The film was newly remastered in HD for the Blu-ray, and while it’s an upgrade from previous DVD releases, it’s also uneven. Close-ups, two-shots, three-shots, and other medium shots tend to be sharply defined and bursting with detail that we could never appreciate before. But there are long shots and some exteriors where the background grain is so heavy that it deteriorates into noise, as happens especially in the final castle scene. Thankfully moments like that are few. The film is presented in 1.66:1 widescreen.
The audio, while again an improvement, also struck me as uneven. The English DTS-HD MA 5.1 track at times suffers from illogical distribution across the speakers, where sound suddenly comes out of a front right or left speaker and surprises you, it’s that noticeably jarring. Other times, as when two or three knights banter, the soundtrack feels front-heavy. Ambient sound and effects aren’t as pronounced as you’d expect, except for the clip-clopping of coconuts and the animals being catapulted at Arthur and his knights. And the bass really doesn’t come to life until the famous “hand grenade” scene. Now, all those complaints aside, is it clear? Yes. Is the lossless audio an upgrade? Yes. But don’t expect the grail.
Ported over from previous DVD releases are: commentaries by Gilliam and Terry Jones, and by John Cleese, Eric Idle, and Michael Palin; “Quest for the Holy Grail Locations,” with Palin and Jones; “Lego Knights: The Knights of the Round Table in Lego”; special Japanese version; “How to Use Your Coconuts (An Educational Film)”; BBC Film Night on location; three sing-along songs; and a cast directory/photo gallery.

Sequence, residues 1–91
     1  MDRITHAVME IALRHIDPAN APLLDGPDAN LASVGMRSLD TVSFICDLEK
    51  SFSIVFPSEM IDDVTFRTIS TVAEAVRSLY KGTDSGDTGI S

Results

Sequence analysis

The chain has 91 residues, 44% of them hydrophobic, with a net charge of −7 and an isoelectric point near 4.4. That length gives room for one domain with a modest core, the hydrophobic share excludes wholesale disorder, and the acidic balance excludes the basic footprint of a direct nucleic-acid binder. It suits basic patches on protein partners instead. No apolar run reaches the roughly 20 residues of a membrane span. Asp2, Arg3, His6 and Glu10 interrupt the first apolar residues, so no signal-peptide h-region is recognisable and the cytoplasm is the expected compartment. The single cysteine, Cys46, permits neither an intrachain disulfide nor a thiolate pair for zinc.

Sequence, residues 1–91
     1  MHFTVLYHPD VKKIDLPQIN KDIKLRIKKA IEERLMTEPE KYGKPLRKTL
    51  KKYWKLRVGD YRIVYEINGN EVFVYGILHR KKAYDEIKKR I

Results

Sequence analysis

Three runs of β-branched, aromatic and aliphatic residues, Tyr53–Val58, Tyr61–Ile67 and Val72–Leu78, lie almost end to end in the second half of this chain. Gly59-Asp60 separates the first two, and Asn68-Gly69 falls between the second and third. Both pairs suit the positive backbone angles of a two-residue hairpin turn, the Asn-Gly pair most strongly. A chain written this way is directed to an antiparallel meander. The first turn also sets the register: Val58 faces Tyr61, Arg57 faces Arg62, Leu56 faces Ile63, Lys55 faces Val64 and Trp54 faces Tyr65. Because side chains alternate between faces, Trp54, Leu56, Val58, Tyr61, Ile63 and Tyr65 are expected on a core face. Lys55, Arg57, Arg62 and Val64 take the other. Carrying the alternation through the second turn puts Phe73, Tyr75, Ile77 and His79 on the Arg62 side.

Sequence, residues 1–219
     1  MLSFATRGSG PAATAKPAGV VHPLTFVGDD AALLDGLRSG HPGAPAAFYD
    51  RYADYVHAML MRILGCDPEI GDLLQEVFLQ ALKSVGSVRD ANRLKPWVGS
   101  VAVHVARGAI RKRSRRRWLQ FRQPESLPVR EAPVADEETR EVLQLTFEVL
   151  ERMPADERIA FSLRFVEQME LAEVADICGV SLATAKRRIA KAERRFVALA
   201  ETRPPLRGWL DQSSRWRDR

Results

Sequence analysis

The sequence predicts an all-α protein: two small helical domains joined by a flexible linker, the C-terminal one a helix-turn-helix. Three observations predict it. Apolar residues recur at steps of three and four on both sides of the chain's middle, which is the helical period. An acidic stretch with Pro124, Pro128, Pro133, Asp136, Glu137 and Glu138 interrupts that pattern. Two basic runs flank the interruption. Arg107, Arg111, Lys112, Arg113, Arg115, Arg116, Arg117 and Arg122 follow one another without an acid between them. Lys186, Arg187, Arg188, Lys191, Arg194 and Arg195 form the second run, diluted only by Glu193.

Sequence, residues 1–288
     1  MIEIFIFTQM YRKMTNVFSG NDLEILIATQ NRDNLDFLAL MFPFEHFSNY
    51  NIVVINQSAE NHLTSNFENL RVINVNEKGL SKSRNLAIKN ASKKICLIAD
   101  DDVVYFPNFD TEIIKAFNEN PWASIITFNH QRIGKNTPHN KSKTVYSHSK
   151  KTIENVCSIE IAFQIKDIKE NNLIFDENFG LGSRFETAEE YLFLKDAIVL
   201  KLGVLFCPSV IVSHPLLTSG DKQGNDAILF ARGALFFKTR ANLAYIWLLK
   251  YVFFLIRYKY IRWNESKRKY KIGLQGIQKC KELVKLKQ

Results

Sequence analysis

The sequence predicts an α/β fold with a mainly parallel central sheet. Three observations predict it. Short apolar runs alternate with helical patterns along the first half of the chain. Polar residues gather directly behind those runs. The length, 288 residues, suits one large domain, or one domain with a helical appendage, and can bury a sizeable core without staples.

If you’re a believer in UltraViolet digital copies, there’s a code for you to add this title to your download list that floats in the clouds somewhere. “Monty Python and the Holy Grail” is also BD-Live enabled.
As for what’s new? “The Holy Book of Days” Second Screen Experience requires an iPad and provides something for people to fiddle with in their laps while they’re watching the movie. Then there are outtakes and extended scenes with a four-minute introduction by Jones, who watches the “lost” footage for the first time in 37 years: Sir Robin and the 3-Headed Knight, Constitutional Peasants, Get on with It, Shorter Takes, Old Crone, Wedding Slaughter (with Extra Gore), and Lots of Very Silly Bits.
Then there’s 13 minutes total of “Lost Animations,” which Gilliam describes as “radio with pictures” and explains how they were inspired by a real illuminated manuscript, where “bored” monks drew strange and wonderful characters and elaborate letters and vinery on the borders of pages. They’re clever and fun to watch—the kind of highbrow stuff that makes “Monty Python and the Holy Grail” a cult favorite.
Not all of the gags are equally funny, and this is particularly true at the two-thirds point in the film. But there are enough classic sketches to make “Monty Python and the Holy Grail” a classic film 38 years later. Is it worth the upgrade? Well, if you like this film, the sad truth is that it’s yet another visual upgrade, and it does contain what Gilliam called “the only reason for buying the Blu-ray”—those lost animations.